The Kickstarted project is in its final stages of production, and he sent me a copy of this lovely promotional poster for it.

A Better Life poster

My, those are some fine-looking atheists, aren’t they?

If you want to get a notification when the book comes out, go to Chris’s website and get on his notification thingie. It should be gorgeous — I can’t wait to get my copy!

Poster for "A Better Life," a.k.a. The Atheist Book

The Audiobook of "Bending" Is Now Available — Recorded By Me!

Bending cover
The audiobook version of my erotic fiction collection, Bending: Dirty Kinky Stories About Pain, Power, Religion, Unicorns, & More, is now available on Audible! It’s $19.95 for Audible non-members, less for Audible members, free with a 30-day Audible trial membership.

And yes — I did the audiobook recording myself! Come on… you know you want to hear me reading these stories out loud….

For those who somehow missed hearing about this book:

These are not nice stories.

They’re filthy. They’re fearless. Some are even funny.

Greta Christina’s erotic stories are written to get you hard and wet — and to change the ways you think about sex. Be forewarned — stuff happens here that’s borderline consensual. Or not at all consensual. These are dirty, kinky stories about shame, about pain, helplessness and danger, reckless behavior and bad, bad ideas….

A baby dyke is manipulated into fetish porn by her beautiful, self-absorbed porn-star lover.

A good Christian wife follows her duty to obey, even as her husband’s sexual demands become bizarre.

A student, hungry for punishment, seeks it from a professor who should know better.

A woman with a dedicated fetish finds a lover who meets her more than halfway.

And then there’s the one about the unicorn and the rainbow…

Raw, exciting, joyful, intensely believable, Greta’s stories are written with a fierce respect for erotic fiction — and for sex itself.

Once again: Bending: Dirty Kinky Stories About Pain, Power, Religion, Unicorns, & More, is now available in audiobook format on Audible! Once again… read by me!

The book is also available as an ebook on Kindle, Nook, and Smashwords. A paperback edition is coming soon. Here are some wonderfully flattering blurbs about it: Continue reading “The Audiobook of "Bending" Is Now Available — Recorded By Me!”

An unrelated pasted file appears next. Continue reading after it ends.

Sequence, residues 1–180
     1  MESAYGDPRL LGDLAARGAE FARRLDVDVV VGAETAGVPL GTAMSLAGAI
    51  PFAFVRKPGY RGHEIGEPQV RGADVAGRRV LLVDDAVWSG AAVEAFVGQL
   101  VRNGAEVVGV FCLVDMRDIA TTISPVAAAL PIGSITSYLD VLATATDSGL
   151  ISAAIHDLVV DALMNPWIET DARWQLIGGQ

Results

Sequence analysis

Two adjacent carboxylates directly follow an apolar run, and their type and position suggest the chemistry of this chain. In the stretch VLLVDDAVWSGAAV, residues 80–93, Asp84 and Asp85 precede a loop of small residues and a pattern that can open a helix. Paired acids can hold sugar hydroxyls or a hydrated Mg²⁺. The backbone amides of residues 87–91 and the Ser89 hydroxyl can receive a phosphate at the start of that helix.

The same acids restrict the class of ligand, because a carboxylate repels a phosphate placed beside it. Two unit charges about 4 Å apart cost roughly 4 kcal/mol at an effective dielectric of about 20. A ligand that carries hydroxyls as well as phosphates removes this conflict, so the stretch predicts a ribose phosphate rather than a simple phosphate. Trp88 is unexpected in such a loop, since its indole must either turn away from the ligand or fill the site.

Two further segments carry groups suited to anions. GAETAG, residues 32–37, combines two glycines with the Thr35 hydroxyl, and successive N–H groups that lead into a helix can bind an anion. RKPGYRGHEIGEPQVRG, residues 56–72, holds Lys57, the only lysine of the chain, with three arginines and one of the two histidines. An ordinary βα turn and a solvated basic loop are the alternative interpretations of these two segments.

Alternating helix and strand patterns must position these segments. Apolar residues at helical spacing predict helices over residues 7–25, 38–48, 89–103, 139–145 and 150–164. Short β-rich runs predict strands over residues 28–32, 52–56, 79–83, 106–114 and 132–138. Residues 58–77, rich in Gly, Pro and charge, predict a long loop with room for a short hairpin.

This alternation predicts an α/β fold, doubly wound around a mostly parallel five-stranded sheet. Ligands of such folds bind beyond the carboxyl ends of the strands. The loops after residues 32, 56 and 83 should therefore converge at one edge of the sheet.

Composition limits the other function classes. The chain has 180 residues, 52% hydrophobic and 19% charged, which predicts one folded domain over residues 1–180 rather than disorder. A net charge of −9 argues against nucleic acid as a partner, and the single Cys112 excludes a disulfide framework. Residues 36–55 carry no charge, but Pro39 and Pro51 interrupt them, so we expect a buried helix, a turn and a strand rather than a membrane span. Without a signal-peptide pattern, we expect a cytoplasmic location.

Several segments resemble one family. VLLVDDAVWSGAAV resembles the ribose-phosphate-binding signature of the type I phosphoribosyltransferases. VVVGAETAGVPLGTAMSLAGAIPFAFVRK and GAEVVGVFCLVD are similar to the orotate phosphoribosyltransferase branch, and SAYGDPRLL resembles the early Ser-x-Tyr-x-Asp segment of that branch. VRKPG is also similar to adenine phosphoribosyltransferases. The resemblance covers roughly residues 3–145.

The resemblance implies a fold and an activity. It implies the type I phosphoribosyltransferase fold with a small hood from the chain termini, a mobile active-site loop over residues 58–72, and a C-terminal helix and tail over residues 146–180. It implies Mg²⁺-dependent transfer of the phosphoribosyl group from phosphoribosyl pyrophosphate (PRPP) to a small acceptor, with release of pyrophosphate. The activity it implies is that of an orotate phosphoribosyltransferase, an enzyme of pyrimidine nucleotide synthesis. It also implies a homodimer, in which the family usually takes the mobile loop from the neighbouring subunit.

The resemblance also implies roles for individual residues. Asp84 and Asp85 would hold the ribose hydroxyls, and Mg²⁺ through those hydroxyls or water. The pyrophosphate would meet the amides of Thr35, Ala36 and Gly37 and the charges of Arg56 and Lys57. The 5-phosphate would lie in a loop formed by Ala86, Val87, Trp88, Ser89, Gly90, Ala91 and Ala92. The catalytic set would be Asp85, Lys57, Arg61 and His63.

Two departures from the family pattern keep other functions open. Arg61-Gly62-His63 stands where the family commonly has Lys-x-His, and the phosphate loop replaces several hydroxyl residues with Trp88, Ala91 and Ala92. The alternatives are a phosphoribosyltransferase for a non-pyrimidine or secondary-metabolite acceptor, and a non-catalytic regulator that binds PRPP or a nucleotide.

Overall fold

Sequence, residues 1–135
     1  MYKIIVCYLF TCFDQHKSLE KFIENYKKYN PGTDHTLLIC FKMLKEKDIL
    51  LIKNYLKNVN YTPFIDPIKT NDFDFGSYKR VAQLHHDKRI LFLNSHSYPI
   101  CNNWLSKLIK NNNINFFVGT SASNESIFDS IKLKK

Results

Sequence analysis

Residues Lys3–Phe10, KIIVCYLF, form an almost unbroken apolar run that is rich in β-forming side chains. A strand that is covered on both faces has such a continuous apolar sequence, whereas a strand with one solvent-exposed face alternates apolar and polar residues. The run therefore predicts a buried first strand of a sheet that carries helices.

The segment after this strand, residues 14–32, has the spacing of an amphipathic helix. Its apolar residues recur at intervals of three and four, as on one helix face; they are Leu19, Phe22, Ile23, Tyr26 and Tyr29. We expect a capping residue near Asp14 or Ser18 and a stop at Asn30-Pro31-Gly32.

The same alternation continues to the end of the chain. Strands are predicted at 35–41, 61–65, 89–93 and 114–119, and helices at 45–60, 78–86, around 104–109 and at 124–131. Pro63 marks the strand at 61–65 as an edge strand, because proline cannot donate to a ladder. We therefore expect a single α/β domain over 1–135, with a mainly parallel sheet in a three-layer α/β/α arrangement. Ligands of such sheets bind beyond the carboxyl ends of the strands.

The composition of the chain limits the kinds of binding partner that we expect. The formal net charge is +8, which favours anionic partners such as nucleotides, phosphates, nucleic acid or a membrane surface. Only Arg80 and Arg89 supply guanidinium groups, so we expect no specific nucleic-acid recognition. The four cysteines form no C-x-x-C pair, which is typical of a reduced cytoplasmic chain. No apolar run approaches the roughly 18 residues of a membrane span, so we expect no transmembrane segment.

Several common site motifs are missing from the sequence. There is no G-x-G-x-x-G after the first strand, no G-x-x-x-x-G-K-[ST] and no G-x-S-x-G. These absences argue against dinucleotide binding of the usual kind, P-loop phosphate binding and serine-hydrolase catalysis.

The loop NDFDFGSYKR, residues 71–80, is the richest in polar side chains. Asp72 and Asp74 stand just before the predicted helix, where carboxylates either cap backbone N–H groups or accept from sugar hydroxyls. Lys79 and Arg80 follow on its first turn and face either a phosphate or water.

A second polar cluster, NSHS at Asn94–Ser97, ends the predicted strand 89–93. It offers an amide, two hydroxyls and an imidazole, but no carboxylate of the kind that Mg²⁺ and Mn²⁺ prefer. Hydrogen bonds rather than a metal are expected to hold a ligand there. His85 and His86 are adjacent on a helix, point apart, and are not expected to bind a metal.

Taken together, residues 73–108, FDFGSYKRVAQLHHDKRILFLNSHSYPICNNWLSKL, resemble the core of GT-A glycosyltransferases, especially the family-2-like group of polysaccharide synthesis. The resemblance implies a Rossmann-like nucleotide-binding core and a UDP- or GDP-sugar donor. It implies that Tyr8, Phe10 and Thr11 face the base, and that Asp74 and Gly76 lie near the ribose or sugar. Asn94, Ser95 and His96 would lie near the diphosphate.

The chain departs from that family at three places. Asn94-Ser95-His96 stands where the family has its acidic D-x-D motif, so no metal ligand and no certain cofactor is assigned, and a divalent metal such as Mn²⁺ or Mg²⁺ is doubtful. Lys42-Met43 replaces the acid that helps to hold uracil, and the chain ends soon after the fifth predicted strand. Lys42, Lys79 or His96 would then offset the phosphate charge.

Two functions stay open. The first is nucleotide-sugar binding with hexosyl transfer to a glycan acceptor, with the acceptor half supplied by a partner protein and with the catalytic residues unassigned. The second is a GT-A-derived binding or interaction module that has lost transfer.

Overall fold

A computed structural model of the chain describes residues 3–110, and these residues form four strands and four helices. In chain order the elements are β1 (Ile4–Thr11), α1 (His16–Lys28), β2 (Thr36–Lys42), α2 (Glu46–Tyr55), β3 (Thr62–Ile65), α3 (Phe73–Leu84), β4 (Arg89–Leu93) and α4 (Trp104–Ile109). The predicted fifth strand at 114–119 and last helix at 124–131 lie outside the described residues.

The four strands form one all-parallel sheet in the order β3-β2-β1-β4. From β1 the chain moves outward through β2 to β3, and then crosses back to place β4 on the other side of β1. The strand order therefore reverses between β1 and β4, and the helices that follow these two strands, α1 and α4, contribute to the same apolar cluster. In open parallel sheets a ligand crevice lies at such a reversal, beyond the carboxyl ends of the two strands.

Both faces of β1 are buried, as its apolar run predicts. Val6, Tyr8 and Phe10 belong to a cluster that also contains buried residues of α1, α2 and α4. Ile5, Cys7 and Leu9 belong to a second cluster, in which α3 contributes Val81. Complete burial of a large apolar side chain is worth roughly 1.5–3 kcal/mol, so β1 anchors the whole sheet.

The Audiobook of "Bending" Is Now Available — Recorded By Me!

Audiobook of "Bending" Available for Pre-Order!

Bending cover
The audiobook version of my erotic fiction collection, Bending: Dirty Kinky Stories About Pain, Power, Religion, Unicorns, & More, is now available for pre-order on Audible! It’s scheduled for release on July 31. It’s $19.95 for Audible non-members, less for Audible members.

And yes — I did the audiobook recording myself! That was an interesting experience, let me tell you…

For those who somehow missed the dealio about it:

These are not nice stories.

They’re filthy. They’re fearless. Some are even funny.

Greta Christina’s erotic stories are written to get you hard and wet — and to change the ways you think about sex. Be forewarned — stuff happens here that’s borderline consensual. Or not at all consensual. These are dirty, kinky stories about shame, about pain, helplessness and danger, reckless behavior and bad, bad ideas….

A baby dyke is manipulated into fetish porn by her beautiful, self-absorbed porn-star lover.

A good Christian wife follows her duty to obey, even as her husband’s sexual demands become bizarre.

A student, hungry for punishment, seeks it from a professor who should know better.

A woman with a dedicated fetish finds a lover who meets her more than halfway.

And then there’s the one about the unicorn and the rainbow…

Raw, exciting, joyful, intensely believable, Greta’s stories are written with a fierce respect for erotic fiction — and for sex itself.

Once again: Bending: Dirty Kinky Stories About Pain, Power, Religion, Unicorns, & More, is now available for pre-order in audiobook format on Audible! The book is also available as an ebook on Kindle, Nook, and Smashwords. A paperback edition is coming soon. Here are some wonderfully flattering blurbs about it: Continue reading “Audiobook of "Bending" Available for Pre-Order!”

Audiobook of "Bending" Available for Pre-Order!

On Being a Feminist Writing Dirty Kinky Porn

So, I write porn. Most of my porn is kinky. Most of my kinky porn is female-submissive. And most of my female-submissive kinky porn is opposite-sex, male-dominated. I’ve just come out with a collection of my smut — excuse me, erotic fiction — “Bending: Dirty Kinky Stories About Pain, Power, Religion, Unicorns, & More” (available as an ebook on Kindle, Nook, and Smashwords; audiobook and paperback coming soon). And while the book has lesbian kink, bisexual kink, gay male kink, fem-dom/ male-sub kink, unicorn-dom/ rainbow-sub kink, and even some non-kink, it’s true that women being spanked, beaten, controlled, used, objectified, humiliated, punished, and generally overpowered by men in dreadful dreadful ways is a dominating theme. (I know. Terrible pun.)

Also, I’m a feminist. An ardent one at that.

So what’s that about? And how do I reconcile it? Is there even anything to reconcile?